- whole day coverage.
- a beautiful private online gallery to share photos with your friends and help them find and print the photo they want and the media they want – canvas, frames, T-shirt, iPhone covers, etc.
- fastest in UK delivery of all your thousands of images – only 2 days after the wedding while people still have hangover and fresh memories, so you can show the social media that your wedding has been magnificent, not dark, pixelated and blurry 🙂
- Home Use rights of all photos in hi-res, edited, print ready. You’ll get thousands of nice photos not hundreds and you can print them wherever you want, they are yours!
- fastest in UK album delivery, speed light fast!
- unique and amazing online album proofing experience, you don’t have to describe the photos to be changed, swapped, enlarged, removed, etc. anymore because we’ll see the same what you see as if we share one computer.
- your album retouching is the same quality as the fashion magazines and even better.
- you won’t be posed but directed instead because we teach our brides how to pose for great results months before the wedding day.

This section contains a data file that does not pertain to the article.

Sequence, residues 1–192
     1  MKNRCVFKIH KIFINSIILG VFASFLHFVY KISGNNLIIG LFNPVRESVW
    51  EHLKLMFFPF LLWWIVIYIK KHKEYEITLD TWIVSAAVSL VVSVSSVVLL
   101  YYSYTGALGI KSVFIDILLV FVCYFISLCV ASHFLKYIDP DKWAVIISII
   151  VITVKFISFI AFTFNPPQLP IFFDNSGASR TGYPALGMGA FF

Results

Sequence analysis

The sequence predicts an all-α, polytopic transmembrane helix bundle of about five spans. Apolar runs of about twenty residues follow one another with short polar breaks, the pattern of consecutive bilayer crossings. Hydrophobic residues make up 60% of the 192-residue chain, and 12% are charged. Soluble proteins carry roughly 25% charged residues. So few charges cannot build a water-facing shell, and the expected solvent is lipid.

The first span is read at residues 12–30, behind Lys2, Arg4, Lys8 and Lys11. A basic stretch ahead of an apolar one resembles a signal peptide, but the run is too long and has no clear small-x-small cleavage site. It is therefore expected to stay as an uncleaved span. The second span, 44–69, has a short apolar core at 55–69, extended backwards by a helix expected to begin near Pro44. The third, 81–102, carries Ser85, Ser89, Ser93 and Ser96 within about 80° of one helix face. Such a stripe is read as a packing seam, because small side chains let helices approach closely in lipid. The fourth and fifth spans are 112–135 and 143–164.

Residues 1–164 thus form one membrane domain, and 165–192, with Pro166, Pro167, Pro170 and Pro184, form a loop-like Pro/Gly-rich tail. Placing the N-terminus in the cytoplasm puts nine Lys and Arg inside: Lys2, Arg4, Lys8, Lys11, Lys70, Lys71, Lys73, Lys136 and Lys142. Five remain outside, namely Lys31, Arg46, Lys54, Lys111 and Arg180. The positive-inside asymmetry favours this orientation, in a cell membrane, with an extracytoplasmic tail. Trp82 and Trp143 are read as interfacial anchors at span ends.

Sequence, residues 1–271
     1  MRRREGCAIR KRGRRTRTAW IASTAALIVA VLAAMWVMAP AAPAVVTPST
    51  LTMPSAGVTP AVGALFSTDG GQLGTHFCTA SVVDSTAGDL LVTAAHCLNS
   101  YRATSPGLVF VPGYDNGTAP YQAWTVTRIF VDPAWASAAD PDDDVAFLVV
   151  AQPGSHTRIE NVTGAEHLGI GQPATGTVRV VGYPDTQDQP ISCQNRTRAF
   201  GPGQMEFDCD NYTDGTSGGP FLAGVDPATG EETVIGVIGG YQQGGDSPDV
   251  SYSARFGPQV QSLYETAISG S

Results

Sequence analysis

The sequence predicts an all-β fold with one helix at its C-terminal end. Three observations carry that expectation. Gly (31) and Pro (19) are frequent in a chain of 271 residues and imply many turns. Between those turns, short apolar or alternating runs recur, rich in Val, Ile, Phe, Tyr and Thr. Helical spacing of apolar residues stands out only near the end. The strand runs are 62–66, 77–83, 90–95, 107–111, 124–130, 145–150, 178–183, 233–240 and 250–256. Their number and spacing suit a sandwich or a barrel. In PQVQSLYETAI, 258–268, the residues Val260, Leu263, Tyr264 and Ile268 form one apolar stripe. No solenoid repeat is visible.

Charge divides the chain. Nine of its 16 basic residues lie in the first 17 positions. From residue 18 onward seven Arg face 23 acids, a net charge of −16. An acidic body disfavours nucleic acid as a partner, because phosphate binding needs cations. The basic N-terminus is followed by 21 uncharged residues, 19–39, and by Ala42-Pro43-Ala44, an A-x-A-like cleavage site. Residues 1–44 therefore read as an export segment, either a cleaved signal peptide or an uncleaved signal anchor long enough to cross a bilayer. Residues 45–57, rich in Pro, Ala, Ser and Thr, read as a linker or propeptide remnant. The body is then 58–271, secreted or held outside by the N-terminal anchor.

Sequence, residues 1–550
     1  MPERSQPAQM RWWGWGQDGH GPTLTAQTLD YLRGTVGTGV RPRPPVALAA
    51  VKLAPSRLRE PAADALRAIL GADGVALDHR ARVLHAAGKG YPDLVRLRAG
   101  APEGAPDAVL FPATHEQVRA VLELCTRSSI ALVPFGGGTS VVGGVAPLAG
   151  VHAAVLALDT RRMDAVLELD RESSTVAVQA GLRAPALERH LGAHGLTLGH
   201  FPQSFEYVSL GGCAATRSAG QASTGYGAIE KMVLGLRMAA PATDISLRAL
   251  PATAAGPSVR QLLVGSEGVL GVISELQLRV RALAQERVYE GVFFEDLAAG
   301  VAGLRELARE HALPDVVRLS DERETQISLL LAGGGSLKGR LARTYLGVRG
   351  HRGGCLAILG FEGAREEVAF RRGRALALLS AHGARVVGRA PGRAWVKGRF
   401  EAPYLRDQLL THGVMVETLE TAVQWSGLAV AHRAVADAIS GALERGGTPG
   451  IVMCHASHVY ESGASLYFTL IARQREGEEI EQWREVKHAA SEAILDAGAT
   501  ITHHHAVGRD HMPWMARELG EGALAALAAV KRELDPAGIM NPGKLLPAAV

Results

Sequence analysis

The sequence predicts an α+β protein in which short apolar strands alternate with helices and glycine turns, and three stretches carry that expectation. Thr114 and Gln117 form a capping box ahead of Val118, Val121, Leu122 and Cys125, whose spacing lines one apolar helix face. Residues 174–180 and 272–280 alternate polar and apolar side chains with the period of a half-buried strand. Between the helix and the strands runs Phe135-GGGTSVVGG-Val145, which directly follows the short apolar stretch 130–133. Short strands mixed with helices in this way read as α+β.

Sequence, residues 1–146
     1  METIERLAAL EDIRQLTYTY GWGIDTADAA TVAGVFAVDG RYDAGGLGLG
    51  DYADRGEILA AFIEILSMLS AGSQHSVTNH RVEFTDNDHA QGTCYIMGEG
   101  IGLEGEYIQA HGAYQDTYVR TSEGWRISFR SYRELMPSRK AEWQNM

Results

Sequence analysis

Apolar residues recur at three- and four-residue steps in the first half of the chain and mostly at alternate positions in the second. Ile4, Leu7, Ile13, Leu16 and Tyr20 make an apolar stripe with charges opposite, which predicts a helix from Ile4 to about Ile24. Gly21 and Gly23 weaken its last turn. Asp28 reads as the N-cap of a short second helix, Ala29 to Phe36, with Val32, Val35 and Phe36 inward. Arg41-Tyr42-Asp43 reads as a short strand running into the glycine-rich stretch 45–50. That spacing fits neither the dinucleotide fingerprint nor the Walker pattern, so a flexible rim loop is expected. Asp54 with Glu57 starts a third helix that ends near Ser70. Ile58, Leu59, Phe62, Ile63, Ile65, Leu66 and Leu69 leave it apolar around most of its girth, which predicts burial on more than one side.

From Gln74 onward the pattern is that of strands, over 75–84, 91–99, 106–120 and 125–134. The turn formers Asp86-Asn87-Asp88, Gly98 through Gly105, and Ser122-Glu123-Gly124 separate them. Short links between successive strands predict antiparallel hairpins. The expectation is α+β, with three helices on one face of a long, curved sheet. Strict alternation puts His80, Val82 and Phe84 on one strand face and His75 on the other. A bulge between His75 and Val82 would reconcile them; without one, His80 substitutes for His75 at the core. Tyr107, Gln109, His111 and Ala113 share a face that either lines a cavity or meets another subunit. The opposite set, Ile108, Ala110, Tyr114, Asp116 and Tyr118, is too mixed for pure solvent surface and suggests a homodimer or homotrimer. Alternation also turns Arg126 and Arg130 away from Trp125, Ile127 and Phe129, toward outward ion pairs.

- you’ll be spoiled and surprised because we like happy clients!
- you’ll get more than you can imagine.
Isn’t it all that AWESOME? And that’s not all 🙂
Standard Collection – From £1600:
- time based
- digital files (no albums or prints included)
- standard for UK just better quality. Our trained photographers are happy to prove their creativity with every new wedding.
- digital files edited in hi-res
- online private gallery
- all extras like albums, photographers, retouching, etc. can be purchased A-La-Carte
- get in touch for more info or book a meeting
Your Turkish Wedding Photographer and Cinematic videographer London, UK
Hello, my name is Peter Lane and I’ve been tagged by many in London as The Turkish Wedding Photographer. Being based in London surrounded by many Turkish friends, having their love, trust and recommendations our popularity into the Turkish community multiplies with every single month. The aftermath shows more than 50% of our weddings to be Turkish, Cypriot Turkish weddings. My videography and photography teams and myself personally really enjoy covering Turkish weddings.